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Agriculture

Ag Adventure: Farm to Plate

March, 10, 2011
by Coleman Cornelius

Sure, bees make honey that's delicious on buttered toast.

Third-graders learn about horses and soil structure during an Ag Adventure program last September. Students in the College of Agricultural Sciences will present another Ag Adventure in the Four Corners area March 17-20. But bees also are critical to production of significant food crops. Large-scale beekeepers transport hives around the country so that bees can exert their pollination powers on, for instance, blueberry crops in Maine, cranberries in Massachusetts, strawberries in Florida and almonds in California.

Ag Adventure visits Cortez

That’s just one of the agricultural nuggets Colorado State University students will pass on to hundreds of elementary children and other visitors at the Four States Ag Expo in Cortez, Colo., March 17-20. For the first time at the annual expo, students from the College of Agricultural Sciences will stage a series of interactive exhibits, known as the CSU Ag Adventure, meant to help people better understand the sources of fiber and food.

“The vision behind this is to help young students become more aware about the food they’re eating, about what they’re wearing, about their agricultural heritage in the region – and to give them that piece of connection in the producer-consumer relationship,” said Elisa Sagehorn, student coordinator for CSU Ag Adventure. “We’re all united through food and our clothes. That’s a pretty strong building point.”

About 350 elementary students from Four Corners schools will pass through more than a dozen exhibits in the Ag Adventure. The Ag Adventure also will be open to general visitors, expected to number nearly 15,000 during the Four States Ag Expo at the Montezuma County Fairgrounds.

Education and Ag Adventure 

Visitors will learn about regional geography, history, culture and agriculture; displays will highlight beans, honey, apples, goats, sheep and dairy cattle, among other topics.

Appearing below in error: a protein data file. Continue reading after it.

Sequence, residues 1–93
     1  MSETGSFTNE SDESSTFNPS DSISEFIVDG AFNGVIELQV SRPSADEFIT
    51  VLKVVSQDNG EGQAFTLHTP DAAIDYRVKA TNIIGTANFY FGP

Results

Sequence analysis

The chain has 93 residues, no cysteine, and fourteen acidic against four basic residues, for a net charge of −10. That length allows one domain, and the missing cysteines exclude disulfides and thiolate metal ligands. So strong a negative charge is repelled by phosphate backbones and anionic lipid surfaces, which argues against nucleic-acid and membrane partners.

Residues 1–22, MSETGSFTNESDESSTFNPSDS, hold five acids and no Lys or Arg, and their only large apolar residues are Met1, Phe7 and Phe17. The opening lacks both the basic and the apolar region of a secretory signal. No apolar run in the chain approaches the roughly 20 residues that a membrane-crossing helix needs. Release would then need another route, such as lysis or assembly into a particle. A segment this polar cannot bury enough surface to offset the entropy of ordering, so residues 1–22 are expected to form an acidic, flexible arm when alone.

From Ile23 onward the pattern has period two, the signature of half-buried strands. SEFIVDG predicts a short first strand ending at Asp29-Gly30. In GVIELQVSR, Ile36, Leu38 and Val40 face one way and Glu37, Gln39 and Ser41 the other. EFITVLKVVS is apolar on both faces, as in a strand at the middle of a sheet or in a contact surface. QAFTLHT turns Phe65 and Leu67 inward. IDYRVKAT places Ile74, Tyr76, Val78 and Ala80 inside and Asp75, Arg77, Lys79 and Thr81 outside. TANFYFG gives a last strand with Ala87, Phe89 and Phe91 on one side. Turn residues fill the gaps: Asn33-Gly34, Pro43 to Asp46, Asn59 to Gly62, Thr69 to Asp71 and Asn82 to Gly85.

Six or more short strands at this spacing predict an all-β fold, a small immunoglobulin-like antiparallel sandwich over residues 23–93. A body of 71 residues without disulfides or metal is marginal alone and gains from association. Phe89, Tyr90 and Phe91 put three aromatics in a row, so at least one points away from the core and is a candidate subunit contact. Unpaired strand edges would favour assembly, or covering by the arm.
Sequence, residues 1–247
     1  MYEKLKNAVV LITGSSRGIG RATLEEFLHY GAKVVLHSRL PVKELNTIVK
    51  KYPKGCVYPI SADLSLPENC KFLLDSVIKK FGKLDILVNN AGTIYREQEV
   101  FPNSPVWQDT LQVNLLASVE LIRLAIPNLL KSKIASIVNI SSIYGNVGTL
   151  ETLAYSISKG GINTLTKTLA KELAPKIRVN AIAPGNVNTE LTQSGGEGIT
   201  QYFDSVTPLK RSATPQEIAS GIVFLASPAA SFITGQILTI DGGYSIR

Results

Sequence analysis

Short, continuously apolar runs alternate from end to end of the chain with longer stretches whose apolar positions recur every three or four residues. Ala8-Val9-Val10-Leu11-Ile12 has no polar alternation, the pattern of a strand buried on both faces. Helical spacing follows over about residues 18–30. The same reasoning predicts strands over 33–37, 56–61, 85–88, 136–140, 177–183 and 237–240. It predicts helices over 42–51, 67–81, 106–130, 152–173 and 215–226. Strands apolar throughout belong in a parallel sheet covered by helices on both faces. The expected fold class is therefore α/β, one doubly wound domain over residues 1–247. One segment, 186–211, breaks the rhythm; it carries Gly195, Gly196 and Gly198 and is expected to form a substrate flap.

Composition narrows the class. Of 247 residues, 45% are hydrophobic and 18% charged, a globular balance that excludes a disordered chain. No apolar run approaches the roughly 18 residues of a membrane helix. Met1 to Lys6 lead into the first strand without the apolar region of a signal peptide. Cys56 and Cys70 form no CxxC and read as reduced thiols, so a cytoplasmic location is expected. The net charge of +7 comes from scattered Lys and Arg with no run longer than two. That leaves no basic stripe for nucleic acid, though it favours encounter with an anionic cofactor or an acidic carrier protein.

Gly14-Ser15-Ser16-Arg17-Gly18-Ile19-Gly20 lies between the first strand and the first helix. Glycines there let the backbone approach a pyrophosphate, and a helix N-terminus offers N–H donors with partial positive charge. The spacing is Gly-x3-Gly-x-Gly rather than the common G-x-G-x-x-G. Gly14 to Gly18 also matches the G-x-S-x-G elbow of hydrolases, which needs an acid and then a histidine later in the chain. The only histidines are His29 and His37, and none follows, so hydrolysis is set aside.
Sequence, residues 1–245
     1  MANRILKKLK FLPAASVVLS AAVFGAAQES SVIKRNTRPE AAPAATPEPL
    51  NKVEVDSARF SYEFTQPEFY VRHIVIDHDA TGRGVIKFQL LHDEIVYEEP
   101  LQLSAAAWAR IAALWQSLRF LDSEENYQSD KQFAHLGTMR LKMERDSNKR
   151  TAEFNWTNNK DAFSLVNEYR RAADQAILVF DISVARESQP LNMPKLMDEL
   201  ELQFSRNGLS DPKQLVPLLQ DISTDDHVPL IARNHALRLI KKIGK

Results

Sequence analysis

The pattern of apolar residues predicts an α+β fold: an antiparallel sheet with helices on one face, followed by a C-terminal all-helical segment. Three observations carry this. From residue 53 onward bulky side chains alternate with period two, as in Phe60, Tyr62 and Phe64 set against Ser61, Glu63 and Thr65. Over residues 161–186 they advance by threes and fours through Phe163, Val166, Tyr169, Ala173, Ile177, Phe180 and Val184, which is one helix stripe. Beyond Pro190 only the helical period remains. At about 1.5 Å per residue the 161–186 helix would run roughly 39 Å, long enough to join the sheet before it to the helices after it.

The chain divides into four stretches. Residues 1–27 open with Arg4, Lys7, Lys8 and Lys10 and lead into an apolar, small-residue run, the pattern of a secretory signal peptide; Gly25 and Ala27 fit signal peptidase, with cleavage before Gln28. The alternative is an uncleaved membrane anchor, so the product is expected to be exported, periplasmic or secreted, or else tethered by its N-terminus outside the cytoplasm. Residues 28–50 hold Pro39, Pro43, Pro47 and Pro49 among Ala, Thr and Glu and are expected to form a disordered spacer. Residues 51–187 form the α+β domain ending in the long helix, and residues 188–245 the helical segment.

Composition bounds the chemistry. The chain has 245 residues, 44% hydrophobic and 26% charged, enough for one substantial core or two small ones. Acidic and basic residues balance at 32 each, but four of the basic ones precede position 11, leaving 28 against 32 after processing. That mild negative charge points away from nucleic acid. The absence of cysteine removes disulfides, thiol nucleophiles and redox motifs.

The exhibits, while accenting agriculture, also address Colorado educational standards in geography, math, reading and writing, and science, providing Ag Adventure with a solid educational underpinning, said Nancy Irlbeck, associate dean for academic affairs in the College of Agricultural Sciences. Twelve students in Irlbeck’s agricultural literacy class have worked with Four Corners producers to organize and present the educational event.

Bees buzzing, goats too

Heather Rice, an ag-business major, said she hopes visitors to her honeybee display, featuring live bees, will leave thinking differently about the buzzing insects. “Bees are really important, especially for pollination. They play a huge role in our food system,” Rice said. “We also want to talk about the hive as a community that depends on teamwork.”

Jenna Oxenhandler, leading a goat exhibit, will display both meat and dairy animals – and will show youngsters how to make butter from goat’s milk using marbles and small glass jars. “A lot of people aren’t really aware that goats are a good source of food, especially in other parts of the world, where they fit well with small-scale and subsistence agriculture,” Oxenhandler noted.

Exhibit and clothing

Wool-producing animals, including sheep and alpacas, will be central to an exhibit that tracks fiber production from live animal to fleece and the spinning and weaving of woolen yarn.

“In our society today, people don’t always know where food and clothing come from,” said Camille Vigil, an equine-science major who will lead the sheep exhibit. “We hope to help people see and think about these things and understand more about agriculture in our everyday lives.”    

Ag Adventure at the National Western Stock Show

CSU students provided a similar Ag Adventure program at the National Western Stock Show in Denver in January. The College of Agricultural Sciences is seeking financial and other forms of support to cement the Ag Adventure program as an ongoing outreach offering, Irlbeck said.

“The Ag Adventure is a wonderfully educational and fun way to connect people to our food system,” Irlbeck said. “It’s effective because the displays are interactive, and schoolchildren respond really well to our CSU students.”

Alumni & Friends Events – Durango and Cortez

In conjunction with the Four States Ag Expo, Colorado State University will host two receptions for alumni and friends. Speakers at both events will be Rick Miranda, CSU provost and executive vice president, and Nancy Irlbeck, professor of animal sciences and associate dean for academic affairs in the College of Agricultural Sciences. Details:

  • 5:30-7 p.m. Thursday, March 17, Doubletree Durango, 501 Camino del Rio in Durango.
  • 5:30-7 p.m. Friday, March 18, Cortez Conference Center, 2121 E. Main St. in Cortez.

Both events are free and will include complimentary appetizers and a cash bar. To register, visit http://alumni.colostate.edu/ or call (800) 286-2586. For more information about the Four States Ag Expo, visit www.fourstatesagexpo.com.   


Contact: Jim Beers
E-mail: Jim.Beers@colostate.edu
Phone: (970) 491-6401